[3] Two articles that highlight this criticism are Anna’s “What to Expect When You’re Expecting a Vampire” and Hames’s “Vampires Abstain from Sex, Abortion in Twilight.” 

[4] As previously mentioned, cultural critic Eric Jost found the series to be problematic from a feminist standpoint.  The title of his article, “The Twilight of Feminism,” hints at his fear that this may be an indication of things to come not only in young adult literature but in the women’s movement as well. 

[5] Although only Twilight actually goes as far as having its young couple married.

[6] Charlaine Harris’s books, The Southern Vampire Mysteries, would be another example of a mainstream vampire series that is rife with homosexuality and diverse sexual pairings.  This series became the foundation for Alan Ball’s popular HBO television series True Blood. This story of a telepathic barmaid who falls in love with a vampire premiered on September 7th, 2008.

[7] I would argue that this narrative moment serves more as an analogy to a gang rape, rather than “group sex,” being that the participant is not a willing one.

[8] To be clear, although I am making the argument that in general young adult vampire narratives rely more heavily on heterosexual romances, there are examples beyond Whedon’s television show that offer up alternatives.  For example, P.C. Cast’s House of Night series is a young adult vampire series which includes depictions of homosexuality among teens.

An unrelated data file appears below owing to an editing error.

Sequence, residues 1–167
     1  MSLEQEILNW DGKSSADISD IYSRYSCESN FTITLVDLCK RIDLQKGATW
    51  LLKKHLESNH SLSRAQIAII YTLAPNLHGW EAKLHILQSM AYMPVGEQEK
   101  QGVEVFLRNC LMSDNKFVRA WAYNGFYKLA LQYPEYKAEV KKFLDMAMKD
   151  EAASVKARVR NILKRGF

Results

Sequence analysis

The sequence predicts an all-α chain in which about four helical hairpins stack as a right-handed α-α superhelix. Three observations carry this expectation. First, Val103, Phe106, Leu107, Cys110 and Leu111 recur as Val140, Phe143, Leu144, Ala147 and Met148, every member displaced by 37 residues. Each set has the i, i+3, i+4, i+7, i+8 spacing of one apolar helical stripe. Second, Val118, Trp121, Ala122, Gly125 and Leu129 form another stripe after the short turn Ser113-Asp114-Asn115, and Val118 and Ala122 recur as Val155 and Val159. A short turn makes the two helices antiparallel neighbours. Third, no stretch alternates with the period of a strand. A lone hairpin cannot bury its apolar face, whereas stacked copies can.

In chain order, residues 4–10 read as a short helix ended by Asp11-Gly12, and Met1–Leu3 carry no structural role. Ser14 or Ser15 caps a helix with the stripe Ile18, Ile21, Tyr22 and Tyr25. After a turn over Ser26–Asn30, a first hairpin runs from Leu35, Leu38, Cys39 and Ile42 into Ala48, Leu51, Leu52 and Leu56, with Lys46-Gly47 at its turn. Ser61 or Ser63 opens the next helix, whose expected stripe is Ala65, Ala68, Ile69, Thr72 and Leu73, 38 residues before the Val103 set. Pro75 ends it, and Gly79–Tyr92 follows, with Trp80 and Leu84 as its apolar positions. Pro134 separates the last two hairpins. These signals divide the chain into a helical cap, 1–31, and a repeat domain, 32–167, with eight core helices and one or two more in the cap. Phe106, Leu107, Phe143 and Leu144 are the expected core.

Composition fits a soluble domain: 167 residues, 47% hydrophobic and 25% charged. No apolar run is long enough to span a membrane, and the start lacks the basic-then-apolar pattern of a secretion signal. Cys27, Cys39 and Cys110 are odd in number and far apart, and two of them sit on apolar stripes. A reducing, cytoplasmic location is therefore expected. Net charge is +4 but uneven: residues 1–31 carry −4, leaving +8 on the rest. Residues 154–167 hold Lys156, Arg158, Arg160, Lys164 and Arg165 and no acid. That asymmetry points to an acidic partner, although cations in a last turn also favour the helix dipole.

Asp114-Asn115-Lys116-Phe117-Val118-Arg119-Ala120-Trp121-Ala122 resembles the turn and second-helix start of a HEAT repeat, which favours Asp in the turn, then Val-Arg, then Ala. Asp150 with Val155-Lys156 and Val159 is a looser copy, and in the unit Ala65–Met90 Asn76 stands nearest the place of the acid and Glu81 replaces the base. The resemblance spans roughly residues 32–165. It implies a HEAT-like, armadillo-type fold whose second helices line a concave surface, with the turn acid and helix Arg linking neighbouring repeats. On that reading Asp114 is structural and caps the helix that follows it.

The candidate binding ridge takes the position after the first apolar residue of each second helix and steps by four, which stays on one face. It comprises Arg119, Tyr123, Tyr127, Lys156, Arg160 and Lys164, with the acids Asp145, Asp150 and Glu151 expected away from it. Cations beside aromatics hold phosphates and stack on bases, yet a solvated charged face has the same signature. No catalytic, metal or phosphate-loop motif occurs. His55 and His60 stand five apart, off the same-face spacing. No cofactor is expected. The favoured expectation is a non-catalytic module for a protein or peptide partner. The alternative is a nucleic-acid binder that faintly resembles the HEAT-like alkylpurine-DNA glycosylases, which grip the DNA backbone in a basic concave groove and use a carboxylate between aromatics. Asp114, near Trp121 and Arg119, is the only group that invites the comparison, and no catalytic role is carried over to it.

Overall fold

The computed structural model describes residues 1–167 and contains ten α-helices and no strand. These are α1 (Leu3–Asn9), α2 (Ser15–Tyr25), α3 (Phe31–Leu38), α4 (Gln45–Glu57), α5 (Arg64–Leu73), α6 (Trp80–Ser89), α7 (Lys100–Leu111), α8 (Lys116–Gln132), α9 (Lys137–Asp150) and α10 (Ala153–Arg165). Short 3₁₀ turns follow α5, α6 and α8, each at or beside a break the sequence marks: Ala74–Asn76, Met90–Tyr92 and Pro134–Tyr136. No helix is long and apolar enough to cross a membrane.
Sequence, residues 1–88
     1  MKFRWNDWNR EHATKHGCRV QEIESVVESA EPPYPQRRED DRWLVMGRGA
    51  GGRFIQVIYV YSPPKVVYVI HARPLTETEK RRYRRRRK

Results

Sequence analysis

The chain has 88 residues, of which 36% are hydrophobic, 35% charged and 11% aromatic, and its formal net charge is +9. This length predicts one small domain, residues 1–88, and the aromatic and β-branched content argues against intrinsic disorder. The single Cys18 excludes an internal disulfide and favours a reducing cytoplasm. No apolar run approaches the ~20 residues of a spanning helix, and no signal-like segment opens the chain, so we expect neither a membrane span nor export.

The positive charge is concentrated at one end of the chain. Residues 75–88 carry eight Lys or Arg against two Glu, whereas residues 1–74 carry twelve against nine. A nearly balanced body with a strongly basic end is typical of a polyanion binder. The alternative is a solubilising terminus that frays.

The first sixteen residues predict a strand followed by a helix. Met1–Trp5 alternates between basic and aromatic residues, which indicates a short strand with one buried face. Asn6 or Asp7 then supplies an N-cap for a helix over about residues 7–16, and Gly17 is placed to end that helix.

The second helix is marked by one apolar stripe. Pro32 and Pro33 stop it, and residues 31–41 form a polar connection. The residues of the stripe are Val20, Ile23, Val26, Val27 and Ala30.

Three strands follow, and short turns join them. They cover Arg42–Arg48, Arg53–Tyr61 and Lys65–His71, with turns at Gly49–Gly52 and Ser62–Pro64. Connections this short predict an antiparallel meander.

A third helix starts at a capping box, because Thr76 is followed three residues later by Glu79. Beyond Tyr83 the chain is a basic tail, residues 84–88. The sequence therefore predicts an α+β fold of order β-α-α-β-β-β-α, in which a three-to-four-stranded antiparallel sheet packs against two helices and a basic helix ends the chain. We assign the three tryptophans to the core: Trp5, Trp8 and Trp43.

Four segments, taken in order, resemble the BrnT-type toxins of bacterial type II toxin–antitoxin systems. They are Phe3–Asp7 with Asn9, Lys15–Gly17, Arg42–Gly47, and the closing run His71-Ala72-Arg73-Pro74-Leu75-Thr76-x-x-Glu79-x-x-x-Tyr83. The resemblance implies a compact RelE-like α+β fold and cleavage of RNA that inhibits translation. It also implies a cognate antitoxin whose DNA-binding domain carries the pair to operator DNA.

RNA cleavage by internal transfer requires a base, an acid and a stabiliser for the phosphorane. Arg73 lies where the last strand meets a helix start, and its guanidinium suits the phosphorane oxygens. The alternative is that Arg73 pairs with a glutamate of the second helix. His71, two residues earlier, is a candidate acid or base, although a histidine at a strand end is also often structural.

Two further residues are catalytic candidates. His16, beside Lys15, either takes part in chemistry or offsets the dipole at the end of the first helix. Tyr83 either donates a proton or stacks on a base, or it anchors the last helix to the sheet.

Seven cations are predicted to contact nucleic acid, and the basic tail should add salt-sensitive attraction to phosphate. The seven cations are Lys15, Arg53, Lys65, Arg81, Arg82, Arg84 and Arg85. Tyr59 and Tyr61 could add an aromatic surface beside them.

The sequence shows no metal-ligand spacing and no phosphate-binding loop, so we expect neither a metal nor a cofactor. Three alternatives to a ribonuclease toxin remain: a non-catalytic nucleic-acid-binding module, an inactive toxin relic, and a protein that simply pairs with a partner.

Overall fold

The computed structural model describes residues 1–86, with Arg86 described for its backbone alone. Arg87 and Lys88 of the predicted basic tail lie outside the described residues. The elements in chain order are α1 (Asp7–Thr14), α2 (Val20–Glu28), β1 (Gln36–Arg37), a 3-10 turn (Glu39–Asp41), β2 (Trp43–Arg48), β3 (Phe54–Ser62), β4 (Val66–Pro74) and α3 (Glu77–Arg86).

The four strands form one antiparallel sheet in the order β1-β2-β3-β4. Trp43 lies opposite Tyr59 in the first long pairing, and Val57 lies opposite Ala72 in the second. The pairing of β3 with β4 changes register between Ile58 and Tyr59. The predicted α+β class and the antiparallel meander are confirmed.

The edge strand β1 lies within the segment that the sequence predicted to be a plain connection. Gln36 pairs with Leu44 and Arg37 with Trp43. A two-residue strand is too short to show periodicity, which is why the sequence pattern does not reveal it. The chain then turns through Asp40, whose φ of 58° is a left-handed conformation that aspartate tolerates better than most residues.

[9] Elena has a forced quasi-sexual encounter in The Vampire Diaries as well when she is coerced into exchanging blood with Damon after he threatened her younger sister’s life (Smith, The Awakening, 437).  The narration of this experience may be even more troubling than Buffy’s eventual forgiveness since the main character actually admits to having enjoyed the experience: “He’d made her drink his blood then.  If made was the right word.  She didn’t remember putting up any resistance or feeling any revulsion.  By then, she had wanted it” (Smith, The Awakening, 439).


[10] While both The Vampire Diaries and the Twilight saga provide readers with relatively persistent male pursuers – Jacob who chases after Bella and Damon who chases after Elena – neither character is successful in his quest while the female chasers do successfully land their prey – Edward and Stefan.